This is the latest installment of a series of podcasts entitled Another Pakistan, a co-production of the Asia Society and the Watson Institute at Brown University. Click here to learn more. Scroll to the end of this post to listen to the podcast.
It takes a historian of Ayesha Jalal's power to crystallize an awkward truth: that the agony of Pakistan today is inseparable from the tragedy of Pakistan's birth in 1947. Still more bluntly, that Pakistan as we know it is not at all the country that its sainted founder, Mohammad Ali Jinnah, had in mind. As she puts it in conversation, "Complete partition was the last thing he wanted…"
It is an argument that made her famous in her first book: The Sole Spokesman: Jinnah, the Muslim League and the Demand for Pakistan (1985). The Muslim nation that Jinnah championed was a state of mind more than a nation-state. Separation from India was a bargaining ploy more than it was a demand in principle. What Jinnah wanted was a power-sharing arrangement at the all-India level, between his own Muslim League and the mostly Hindu Congress Party. He wanted equal standing, that is, in a pluralistic Union of India, but never a bordered nation, and still less an arbitrary dismemberment of the Muslims' two great regional powerbases: the Punjab in the northwest of India and Bengal in the East. She is speaking of the history that stalks Pakistan and the wider world: Partition in the 1940s, and then the Cold War in the 1980s.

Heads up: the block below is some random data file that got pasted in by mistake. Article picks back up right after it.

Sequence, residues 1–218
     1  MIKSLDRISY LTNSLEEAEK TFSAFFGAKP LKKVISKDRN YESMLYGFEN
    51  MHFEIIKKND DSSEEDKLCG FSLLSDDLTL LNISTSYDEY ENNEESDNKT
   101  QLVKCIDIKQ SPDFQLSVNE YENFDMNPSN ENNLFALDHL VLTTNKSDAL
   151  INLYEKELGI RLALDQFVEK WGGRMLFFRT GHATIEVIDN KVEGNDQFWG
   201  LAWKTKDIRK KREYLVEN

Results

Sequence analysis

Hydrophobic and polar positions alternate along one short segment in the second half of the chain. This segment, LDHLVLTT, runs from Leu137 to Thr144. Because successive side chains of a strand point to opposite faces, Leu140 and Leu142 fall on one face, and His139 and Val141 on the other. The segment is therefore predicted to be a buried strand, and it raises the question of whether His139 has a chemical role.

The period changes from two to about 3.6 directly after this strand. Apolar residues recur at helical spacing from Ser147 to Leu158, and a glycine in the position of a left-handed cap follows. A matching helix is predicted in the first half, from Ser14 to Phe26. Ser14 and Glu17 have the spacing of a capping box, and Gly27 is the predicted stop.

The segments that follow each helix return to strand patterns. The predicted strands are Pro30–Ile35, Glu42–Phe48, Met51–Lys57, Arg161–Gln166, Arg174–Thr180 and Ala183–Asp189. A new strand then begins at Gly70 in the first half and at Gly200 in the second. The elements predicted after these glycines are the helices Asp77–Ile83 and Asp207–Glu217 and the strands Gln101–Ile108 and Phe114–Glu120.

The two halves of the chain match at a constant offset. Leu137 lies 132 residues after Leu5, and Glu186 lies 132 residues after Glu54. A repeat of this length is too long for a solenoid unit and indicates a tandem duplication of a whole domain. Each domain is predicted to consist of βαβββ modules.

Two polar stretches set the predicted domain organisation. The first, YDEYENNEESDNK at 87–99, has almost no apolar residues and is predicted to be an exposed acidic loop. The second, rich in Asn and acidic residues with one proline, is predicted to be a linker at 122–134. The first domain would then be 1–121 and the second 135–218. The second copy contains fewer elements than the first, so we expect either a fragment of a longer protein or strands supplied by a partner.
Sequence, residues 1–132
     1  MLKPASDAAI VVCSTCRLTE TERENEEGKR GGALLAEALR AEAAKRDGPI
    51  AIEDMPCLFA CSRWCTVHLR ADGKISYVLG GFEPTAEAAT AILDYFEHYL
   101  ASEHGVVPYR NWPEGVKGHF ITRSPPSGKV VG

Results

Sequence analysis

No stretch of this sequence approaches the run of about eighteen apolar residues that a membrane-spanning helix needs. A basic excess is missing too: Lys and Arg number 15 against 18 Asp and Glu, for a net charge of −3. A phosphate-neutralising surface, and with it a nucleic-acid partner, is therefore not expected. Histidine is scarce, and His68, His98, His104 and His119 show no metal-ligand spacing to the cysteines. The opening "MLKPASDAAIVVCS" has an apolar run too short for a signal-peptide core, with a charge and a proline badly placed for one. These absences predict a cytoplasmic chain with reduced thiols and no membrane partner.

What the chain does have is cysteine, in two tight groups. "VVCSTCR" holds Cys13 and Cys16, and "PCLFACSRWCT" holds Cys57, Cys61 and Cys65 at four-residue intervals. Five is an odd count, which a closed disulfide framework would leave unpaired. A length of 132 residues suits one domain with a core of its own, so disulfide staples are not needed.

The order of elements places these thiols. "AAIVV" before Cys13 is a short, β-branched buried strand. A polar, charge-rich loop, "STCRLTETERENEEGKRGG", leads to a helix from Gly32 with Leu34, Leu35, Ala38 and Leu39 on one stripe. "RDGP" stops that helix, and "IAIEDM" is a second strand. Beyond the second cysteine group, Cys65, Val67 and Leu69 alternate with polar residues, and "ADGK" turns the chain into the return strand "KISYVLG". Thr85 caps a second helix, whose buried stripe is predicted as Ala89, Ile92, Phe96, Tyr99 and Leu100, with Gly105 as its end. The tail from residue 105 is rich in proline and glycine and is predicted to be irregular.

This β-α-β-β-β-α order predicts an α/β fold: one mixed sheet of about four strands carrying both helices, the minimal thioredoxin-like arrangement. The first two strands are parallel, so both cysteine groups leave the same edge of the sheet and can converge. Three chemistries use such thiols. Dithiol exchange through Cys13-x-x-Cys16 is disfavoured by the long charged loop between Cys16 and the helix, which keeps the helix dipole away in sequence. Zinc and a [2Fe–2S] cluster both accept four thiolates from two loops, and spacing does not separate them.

If you're talking about Pakistan as it stands today — Pakistan with its bouts of unreasonableness, its treatment of minorities, the killing of minorities, the blasphemy laws, a whole succession of things — it's clearly not the Pakistan that the founder of Pakistan imagined. The founder of Pakistan was first and foremost a constitutional lawyer, who believed in the supremacy of the law — something that has never somehow caught the imagination of Pakistanis. They may talk about it, but there is no law. Each man is a law unto himself. Whoever can grab it, that's it. So that’s a fundamental departure.
Second, when Jinnah spoke of Pakistan as a Muslim state, he envisioned a democratic, enlightened Pakistan. So what I'm saying is that there are many levels at which this country departs from Jinnah's ideals. But the most interesting thing I’ve discovered is that by the same token, everyone or most people do hark back to Jinnah's Pakistan. So while they have moved away from Jinnah’s Pakistan as an ideal, it remains as a main point of discussion. That is something hopeful, I think…
Listen to the podcast:
Christopher Lydon is the host of Radio Open Source, a conversation on arts, ideas and politics from Brown University's Watson Institute.